A short trip
just outside your comfort zone
Situated on the banks of Macquarie Harbour and the edge of UNESCO World Heritage Wilderness, the small town of Strahan is home to ancient rainforest, rugged history and west coast spirit.
Tasmania's west coast isn't for the faint hearted. It's rugged, untouched, unforgettable and has endured hard times.
Our rich history begins before the arrival of Europeans - Macquarie Harbour was home to the Toogee Aboriginal people for around 35,000 years. When James Kelly arrived in 1815, years of pining, shipbuilding and convict labour on Sarah Island and surrounds ensued.
Strahan came into existence in 1877 and was a bustling base for the Mt Heemskirk tin mine workers. With a railway operating to nearby Queenstown, Strahan was the second busiest port in Tasmania.
In the 1980s Strahan made headlines as activists fought for the Gordon River to be proctected. In 1982, the pristine waters of the Gordon and Franklin rivers, were declared a UNESCO Tasmanian Wilderness World Heritage Area, to be proeserved for the rest of time.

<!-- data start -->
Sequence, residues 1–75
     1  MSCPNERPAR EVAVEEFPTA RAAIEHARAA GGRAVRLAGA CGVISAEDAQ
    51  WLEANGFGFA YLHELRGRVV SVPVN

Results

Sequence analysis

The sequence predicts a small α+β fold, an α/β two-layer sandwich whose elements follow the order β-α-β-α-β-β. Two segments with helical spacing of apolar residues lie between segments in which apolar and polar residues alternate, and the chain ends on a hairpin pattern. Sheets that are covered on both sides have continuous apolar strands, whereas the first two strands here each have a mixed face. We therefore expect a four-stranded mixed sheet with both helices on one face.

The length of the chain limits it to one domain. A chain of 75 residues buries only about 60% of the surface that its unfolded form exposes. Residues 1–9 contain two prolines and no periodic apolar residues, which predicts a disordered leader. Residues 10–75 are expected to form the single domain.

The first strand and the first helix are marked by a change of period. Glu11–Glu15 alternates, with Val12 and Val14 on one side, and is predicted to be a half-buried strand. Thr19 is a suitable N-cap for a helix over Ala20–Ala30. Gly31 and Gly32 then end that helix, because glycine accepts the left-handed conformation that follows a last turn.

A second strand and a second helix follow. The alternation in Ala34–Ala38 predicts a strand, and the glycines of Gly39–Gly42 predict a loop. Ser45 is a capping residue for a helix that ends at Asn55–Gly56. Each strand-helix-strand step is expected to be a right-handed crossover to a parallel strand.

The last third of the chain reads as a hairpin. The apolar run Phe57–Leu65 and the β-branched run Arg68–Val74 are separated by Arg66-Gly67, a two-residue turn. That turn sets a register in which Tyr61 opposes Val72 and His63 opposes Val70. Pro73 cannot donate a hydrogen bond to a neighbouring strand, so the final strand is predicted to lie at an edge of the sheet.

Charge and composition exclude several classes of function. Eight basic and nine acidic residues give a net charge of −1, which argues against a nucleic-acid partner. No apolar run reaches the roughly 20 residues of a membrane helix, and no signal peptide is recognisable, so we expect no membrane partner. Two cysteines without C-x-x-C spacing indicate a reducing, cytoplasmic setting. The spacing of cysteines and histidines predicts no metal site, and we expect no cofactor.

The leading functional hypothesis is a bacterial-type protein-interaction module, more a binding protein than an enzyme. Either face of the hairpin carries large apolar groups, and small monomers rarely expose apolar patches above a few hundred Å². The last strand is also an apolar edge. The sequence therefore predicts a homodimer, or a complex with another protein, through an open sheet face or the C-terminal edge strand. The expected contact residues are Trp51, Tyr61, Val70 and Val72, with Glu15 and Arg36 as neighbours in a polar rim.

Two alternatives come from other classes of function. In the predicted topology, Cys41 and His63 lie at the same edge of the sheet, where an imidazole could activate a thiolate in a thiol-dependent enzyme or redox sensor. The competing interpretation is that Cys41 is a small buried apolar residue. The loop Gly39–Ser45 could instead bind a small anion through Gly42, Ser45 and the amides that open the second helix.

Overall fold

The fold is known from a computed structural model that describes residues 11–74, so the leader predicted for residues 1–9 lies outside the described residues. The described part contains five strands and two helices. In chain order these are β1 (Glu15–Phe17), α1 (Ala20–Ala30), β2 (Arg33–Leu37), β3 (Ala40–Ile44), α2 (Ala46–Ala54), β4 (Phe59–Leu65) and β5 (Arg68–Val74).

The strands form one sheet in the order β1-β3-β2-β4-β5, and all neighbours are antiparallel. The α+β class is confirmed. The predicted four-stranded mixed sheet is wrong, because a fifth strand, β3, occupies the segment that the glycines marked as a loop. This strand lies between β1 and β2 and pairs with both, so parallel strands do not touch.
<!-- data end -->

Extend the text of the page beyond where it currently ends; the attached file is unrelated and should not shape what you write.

Today, just over 650 people call Strahan home. Tourism and aquaculture remain strong industries in our little harbour-side town.
Flora and Fauna
Out in the western wilds, you're bound to meet some furry friends and spot some rare species found no where else in the world. Whether you're cruising along the Gordon River, exploring the rainforest or relaxing by Macquarie Harbour, keep your eyes peeled for:
- Tasmanian devils
- Leatherwood trees
- Eastern barred bandicoots
- Huon pine
- Little penguins
- White-bellied sea-eagles
- Bottlenose dolphins
- Colourful fungi
We know it can be a fair drive heading out west, especially with the little ones in the back. But the Lyell Highway is packed with kid-friendly pitstops that’ll make your journey across to Strahan one to remember.